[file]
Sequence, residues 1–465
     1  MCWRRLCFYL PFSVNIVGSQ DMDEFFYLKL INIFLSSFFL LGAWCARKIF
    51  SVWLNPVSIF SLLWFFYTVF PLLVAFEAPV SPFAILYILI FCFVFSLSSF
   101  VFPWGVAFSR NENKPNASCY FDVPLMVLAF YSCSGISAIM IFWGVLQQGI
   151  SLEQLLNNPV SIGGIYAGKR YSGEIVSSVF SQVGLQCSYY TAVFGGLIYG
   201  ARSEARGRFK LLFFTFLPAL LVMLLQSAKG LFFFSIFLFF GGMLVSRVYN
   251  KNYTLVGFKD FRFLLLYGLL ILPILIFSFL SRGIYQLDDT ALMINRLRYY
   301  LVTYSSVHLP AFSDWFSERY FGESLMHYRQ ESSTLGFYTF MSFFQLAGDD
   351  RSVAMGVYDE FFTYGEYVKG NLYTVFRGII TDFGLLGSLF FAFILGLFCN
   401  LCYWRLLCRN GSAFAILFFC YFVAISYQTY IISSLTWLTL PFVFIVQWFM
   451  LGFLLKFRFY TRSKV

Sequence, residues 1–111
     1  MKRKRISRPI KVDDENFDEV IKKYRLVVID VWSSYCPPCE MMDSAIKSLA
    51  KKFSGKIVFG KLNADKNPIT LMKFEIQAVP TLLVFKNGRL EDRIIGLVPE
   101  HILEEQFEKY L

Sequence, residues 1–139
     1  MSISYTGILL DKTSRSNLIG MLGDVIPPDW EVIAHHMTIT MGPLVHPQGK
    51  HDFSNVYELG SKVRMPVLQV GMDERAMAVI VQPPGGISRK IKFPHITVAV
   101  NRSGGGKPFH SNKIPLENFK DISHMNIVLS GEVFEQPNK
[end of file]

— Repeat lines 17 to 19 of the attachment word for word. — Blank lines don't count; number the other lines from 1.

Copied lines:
     1  MSISYTGILL DKTSRSNLIG MLGDVIPPDW EVIAHHMTIT MGPLVHPQGK
    51  HDFSNVYELG SKVRMPVLQV GMDERAMAVI VQPPGGISRK IKFPHITVAV
   101  NRSGGGKPFH SNKIPLENFK DISHMNIVLS GEVFEQPNK